Sat, Sep 9, 2017 at 4:44:49 pm
Soon after the latest royal pregnancy was announced, HuffPost Parents posted a callout on its Facebook page looking for women willing to talk about their experiences with HG. Within 24 hours, more than 100 e-mails poured in. Women called themselves “HG survivors” and described battles with extreme weight loss and vomiting more than 20 times a day. Again and again they emphasized one point: Morning sickness and HG are not the same thing.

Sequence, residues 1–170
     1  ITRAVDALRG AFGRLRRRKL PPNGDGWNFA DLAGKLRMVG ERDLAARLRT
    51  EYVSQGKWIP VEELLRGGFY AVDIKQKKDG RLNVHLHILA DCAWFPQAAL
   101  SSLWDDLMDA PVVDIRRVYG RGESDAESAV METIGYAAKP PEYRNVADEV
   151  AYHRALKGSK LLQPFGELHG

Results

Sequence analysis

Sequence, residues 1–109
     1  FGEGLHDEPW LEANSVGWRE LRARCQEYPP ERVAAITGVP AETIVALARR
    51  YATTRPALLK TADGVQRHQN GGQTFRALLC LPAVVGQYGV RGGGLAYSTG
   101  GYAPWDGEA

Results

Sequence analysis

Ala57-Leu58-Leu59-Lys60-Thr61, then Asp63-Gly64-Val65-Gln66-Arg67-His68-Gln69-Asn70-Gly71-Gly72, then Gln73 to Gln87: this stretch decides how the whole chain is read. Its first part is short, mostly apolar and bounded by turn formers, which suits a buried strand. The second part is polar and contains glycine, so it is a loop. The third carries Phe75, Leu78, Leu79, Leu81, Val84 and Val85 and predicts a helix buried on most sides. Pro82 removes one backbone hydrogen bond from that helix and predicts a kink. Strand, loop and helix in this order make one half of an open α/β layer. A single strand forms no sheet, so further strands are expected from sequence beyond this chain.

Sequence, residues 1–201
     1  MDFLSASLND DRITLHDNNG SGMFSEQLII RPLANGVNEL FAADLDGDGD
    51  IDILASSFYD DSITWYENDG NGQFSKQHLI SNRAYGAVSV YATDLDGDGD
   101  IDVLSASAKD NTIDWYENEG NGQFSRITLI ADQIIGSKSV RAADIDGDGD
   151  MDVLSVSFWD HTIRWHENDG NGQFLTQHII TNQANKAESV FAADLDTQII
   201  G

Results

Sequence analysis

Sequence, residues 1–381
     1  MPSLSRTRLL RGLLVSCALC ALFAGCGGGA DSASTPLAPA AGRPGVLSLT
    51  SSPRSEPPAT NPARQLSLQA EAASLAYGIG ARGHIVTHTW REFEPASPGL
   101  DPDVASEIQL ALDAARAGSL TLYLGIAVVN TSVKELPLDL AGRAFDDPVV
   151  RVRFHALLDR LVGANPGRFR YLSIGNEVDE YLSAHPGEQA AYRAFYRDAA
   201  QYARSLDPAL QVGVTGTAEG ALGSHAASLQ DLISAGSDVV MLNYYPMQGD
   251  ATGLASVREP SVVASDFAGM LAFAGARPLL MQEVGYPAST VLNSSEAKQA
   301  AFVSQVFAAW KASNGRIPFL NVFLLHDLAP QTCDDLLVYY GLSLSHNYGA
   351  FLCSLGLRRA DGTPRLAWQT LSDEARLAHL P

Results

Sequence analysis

Certainly morning sickness ― which affects roughly 70 percent of moms in the first trimester ― can be hard, but it’s generally not harmful for women or their babies and tends to fade. HG, on the other hand, absolutely puts women and babies at risk. These are the moms-to-be who vomit more than three to four times a day, who are unable to keep down any food and who lose more than 5 percent of their pre-pregnancy weight. The Oregon-based Hyperemesis Education and Research Foundation (HER) says these women tend to have nutritional deficiencies and metabolic imbalances that can be life-threatening.